Clyde Barrow went to prison, was assaulted, killed a guy in prison and swore he’d never go back. He met Bonnie just previous to that, and they just got along. She followed him along head first into a whirlpool and an ending from which there was no escape. And it’s Clyde’s fault. He sealed his own fate,” Allison said. “The man was a murderer. No one is here to try to redeem him. No one is here to try to redeem Bonnie Parker; she made a bad decision. She followed the wrong guy.”

Ivy Methvin (known as Irvin), who is said to have helped the posse set up Bonnie and Clyde for the ambush, was set up by lawmen, they say. Methvin’s son Henry was involved with the Barrow Gang and became separated from the two a few days prior after they were recognized outside of a Shreveport diner and fled.

Lawmen put Ivy Methvin’s truck in the road to appear as though it had broken down, Hinton said.

“They took the old man down there, 75 feet behind the firing line and handcuffed him to a tree,” Hinton said. “The old man was not a willing participant. Definitely a unhappy camper. Had a voice like a bullfrog and was hollering at the top of his lungs, ‘Y’all kidnapped me! I’m going to the Feds!’”

The deaths of 12 people during the crime spree cannot all be pinned on Clyde, Hinton said: His father only had evidence that Clyde killed six.

Allison isn’t a Bonnie and Clyde fanatic. He said he wanted to tell the facts and dissect the psyches of Bonnie and Clyde to learn what led them down a path of crime.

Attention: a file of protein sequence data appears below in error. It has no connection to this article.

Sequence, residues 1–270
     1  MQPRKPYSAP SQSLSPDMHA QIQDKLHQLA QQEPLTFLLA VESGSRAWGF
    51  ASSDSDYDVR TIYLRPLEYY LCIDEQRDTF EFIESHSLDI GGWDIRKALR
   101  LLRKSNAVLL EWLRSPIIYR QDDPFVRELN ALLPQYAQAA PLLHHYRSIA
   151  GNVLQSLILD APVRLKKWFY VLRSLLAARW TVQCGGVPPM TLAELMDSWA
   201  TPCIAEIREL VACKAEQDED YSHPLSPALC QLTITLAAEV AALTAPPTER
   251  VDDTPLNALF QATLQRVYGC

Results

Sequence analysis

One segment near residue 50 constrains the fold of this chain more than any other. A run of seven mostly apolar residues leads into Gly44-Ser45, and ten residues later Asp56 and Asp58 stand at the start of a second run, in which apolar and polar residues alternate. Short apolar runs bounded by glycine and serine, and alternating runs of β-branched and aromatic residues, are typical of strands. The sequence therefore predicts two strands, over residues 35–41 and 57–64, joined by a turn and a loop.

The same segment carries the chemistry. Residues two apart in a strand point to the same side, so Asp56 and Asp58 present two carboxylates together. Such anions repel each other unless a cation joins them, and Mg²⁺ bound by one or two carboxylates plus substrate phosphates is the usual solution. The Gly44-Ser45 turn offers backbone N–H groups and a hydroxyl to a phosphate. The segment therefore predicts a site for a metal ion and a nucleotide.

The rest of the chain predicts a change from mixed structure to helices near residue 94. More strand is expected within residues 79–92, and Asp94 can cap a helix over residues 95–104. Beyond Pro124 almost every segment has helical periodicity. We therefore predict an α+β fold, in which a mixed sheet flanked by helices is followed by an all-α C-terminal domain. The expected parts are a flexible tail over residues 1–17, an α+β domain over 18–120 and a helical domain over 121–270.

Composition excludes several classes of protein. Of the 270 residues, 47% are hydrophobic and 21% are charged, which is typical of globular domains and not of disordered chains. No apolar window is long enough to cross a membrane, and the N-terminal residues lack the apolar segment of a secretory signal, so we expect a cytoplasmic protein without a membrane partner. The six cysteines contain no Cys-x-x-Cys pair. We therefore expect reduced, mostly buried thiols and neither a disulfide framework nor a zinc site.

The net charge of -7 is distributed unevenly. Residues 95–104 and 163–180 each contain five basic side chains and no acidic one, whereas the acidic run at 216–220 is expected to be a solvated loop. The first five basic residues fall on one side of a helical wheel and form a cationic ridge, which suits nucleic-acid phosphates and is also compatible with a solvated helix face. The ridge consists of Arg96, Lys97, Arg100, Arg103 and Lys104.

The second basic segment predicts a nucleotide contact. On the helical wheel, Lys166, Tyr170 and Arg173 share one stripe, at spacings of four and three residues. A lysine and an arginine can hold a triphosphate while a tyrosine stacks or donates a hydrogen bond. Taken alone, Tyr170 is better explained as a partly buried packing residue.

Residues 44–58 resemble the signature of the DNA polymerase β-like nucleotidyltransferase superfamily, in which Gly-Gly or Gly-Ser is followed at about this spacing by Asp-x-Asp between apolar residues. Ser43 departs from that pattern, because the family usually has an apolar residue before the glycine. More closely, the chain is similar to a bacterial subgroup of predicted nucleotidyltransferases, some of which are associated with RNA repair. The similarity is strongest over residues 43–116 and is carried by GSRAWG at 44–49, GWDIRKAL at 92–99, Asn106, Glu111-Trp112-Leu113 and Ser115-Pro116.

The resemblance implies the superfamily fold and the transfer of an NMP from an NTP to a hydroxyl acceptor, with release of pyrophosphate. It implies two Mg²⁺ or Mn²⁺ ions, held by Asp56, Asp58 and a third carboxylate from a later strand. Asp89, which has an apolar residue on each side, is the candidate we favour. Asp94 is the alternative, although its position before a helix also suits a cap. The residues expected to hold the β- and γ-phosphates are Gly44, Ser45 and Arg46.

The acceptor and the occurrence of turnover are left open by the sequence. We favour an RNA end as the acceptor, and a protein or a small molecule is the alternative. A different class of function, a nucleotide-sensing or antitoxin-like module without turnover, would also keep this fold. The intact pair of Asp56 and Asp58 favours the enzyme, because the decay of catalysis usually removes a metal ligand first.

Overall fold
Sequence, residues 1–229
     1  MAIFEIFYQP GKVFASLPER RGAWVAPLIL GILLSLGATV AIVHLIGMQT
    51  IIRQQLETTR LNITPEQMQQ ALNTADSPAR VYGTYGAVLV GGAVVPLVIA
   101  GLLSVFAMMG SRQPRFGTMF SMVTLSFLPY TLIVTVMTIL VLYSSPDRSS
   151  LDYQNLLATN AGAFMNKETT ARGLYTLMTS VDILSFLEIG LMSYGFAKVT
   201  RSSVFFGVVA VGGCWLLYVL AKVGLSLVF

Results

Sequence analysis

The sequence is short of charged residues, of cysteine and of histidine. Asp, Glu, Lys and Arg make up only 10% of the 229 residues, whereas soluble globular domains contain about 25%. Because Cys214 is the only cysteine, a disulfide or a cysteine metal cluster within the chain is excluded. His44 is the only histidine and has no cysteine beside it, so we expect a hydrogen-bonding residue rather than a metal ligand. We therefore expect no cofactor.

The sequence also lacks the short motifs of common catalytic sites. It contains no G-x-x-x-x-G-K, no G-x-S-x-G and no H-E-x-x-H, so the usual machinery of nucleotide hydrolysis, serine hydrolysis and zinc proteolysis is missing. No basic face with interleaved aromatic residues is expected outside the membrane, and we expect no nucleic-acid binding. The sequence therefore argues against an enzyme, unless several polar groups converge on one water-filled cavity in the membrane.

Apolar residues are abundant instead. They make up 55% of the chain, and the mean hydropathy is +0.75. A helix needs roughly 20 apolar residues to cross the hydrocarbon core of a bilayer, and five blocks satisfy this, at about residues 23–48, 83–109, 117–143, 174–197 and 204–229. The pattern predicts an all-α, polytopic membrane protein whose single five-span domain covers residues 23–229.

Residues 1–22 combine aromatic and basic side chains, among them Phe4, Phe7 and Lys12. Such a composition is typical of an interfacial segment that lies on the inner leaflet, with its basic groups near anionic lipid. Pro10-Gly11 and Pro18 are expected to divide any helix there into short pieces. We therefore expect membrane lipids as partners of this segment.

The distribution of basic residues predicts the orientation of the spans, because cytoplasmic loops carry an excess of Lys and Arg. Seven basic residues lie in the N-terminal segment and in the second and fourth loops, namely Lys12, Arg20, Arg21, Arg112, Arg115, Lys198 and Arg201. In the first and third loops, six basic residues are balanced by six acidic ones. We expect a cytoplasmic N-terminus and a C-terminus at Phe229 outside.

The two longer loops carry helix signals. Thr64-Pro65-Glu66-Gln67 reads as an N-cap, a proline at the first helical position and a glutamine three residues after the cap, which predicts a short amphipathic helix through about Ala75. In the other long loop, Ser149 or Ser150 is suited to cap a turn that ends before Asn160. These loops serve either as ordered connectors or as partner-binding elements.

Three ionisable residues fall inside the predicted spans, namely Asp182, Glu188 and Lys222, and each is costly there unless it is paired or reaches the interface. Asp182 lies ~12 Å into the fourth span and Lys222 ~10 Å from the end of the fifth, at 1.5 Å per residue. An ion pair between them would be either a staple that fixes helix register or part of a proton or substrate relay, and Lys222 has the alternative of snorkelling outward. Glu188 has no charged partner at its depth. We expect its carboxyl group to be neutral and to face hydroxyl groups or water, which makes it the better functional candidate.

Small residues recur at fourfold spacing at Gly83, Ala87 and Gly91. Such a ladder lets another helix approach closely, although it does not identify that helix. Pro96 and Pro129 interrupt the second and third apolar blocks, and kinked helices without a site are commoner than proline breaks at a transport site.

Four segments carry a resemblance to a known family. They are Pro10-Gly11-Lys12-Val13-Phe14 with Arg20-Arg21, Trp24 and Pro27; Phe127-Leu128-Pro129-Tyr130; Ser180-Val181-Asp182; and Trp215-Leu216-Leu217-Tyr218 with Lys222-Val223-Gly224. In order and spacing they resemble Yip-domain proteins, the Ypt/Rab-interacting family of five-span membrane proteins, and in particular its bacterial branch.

Allison interviewed Shreveport licensed professional counselor David McMillian for insight about their personalities and the public’s continuing interest in their story.

McMillian said the story both repels and fascinates. “I truly believe that the vast majority of us are good,” he said. “We want to be good even if we stumble and make a lot of mistakes - and a lot of us do. There’s still an inherent goodness in us. And I think we’re fascinated when someone goes to the degree that Bonnie and Clyde went to.”

Allison also wanted to use the story as a cautionary example of where lawlessness can lead people.

“That’s why this movie needs to be viewed by young people because now we’re in an economy where crime is rampant. Crime is not an answer. It’s never been an answer,” he said. “But yet they idolize Clyde Barrow and Bonnie Parker. You can’t do that. They were criminals.”

Proceeds from the documentary benefit the Bonnie and Clyde Ambush Museum, Allison said.

“No other documentary has ever paid him anything and this one does,” Allison said. “The money goes here (to the museum). My job is not to let him down, and my job is not to let his father down or any of the lawmen or Clyde Barrow and Bonnie Parker for that matter. Though they may have been criminals, they were not evil.”



Movie site: www.untildeaththebarrowgang.com

Festival site: facebook.com/ambushfestival

Bonnie & Clyde site: https://texashideout.tripod.com/bc.htm

Henry Methvin site: https://www.tmethvin.com/henry/


Information from: The Times, https://www.shreveporttimes.com